The Bowery gallery area is still sparsely populated with galleries so that it’s not mentally and physically overwhelming, as Chelsea can be. The art venues sit jarringly in contrast to the still-present Bowery Mission residents and restaurant supply wholesalers, and Whole Foods, Pulino’s and DBGB Kitchen lord conspicuously over the corners of Houston. So the tipping point can’t be far, but at the moment, it’s still exciting and somewhat untrodden.
Salon 94 now has two spaces: one at 243 Bowery, and another (Salon 94 Freemans) on the gritty yet Parisian-like Freemans Alley. Both are exhibiting the work of Katy Grannan (through April 30), a two-part show called The Happy Ever After. Boulevard, at the Freemans space, is a haunting series of color portraits of people on the streets of San Francisco and LA, all taken in front of a white stucco wall strafed with that white California light. While we know nothing of the subjects (all the titles are “Anonymous”), we get the sense that many are outliers who have recreated themselves in a specific, idealized image, and that all have a strong sense of self, despite their unconformity. Despite perhaps being societal castoffs, they live enviably within a liberated sense of their remade selves. These portraits sit within sleek new galleries amid folks not wholly unlike Grannan’s subjects, but for want of some self-actualization and grooming. Salon 94 Bowery, with its elegant grand staircase descending to the basement, is screening Grannan’s video, The Believers, a kind of intimate animated version of the portraits, shifting between documentary and spy camera.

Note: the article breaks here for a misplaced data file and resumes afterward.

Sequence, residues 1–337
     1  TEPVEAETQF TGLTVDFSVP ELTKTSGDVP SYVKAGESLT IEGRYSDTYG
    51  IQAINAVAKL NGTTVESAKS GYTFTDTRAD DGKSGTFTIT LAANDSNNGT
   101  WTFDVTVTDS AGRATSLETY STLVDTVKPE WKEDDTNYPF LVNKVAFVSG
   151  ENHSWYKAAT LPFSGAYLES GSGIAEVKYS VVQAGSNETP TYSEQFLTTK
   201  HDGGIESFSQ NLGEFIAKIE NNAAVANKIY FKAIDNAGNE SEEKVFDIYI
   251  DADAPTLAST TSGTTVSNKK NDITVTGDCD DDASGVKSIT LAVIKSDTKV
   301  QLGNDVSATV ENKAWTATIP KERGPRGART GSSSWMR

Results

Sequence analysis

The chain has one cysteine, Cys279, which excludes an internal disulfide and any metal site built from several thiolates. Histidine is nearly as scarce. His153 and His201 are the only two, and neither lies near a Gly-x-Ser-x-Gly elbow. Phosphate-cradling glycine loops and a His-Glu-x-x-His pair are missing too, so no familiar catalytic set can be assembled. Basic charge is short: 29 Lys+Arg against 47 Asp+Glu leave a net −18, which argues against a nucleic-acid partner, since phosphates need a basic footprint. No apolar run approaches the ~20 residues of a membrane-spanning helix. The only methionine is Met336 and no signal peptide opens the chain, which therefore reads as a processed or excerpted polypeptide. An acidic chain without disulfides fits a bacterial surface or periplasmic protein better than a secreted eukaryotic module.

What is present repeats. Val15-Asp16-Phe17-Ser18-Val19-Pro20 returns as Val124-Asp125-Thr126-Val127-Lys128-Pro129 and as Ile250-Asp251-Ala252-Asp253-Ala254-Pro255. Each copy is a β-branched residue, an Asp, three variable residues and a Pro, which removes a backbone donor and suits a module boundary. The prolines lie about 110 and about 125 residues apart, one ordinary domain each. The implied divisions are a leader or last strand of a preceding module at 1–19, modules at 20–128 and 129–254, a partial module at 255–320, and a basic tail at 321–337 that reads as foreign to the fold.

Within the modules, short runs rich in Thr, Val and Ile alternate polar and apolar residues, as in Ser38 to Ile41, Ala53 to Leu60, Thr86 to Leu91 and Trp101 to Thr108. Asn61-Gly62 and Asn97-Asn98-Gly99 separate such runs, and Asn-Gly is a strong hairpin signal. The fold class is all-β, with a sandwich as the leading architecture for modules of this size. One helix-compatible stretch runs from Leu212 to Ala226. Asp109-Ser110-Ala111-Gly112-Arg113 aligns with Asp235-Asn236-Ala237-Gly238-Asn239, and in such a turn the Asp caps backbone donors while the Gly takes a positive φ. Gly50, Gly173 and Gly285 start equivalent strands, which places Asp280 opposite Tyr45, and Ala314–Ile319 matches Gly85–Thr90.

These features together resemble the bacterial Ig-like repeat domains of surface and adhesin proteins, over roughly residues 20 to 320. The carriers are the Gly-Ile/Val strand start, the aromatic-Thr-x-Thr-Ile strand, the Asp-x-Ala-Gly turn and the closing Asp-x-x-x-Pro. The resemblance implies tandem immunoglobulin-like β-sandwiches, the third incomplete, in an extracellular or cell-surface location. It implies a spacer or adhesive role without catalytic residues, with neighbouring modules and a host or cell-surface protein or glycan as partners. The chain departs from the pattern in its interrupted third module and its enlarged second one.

Thierry Goldberg Projects (5 Rivington), is a small storefront space of the sort that evokes the old East Village. Adaptation, paintings by Ben Grasso, are on view through May 15. They depict standard-issue Colonial-style houses exploding or fraying, or perhaps the reverse, coming together. The geometry and perspective are accurate, but Grasso uses a loose, confident brush stroke that allows the compositions to breathe. This sort of imagery inhabits the space past consciousness — dreams or nightmares containing terrifying subliminal symbolism. They contrast with Malcolm Morley’s mostly-new paintings at Sperone Westwater, in a show titled Rules of Engagement, realistically rendered pseudo-war propaganda style portraits of pilots, planes and DIY paper airplane kits that hang somewhat uncomfortably in the Foster sliver building.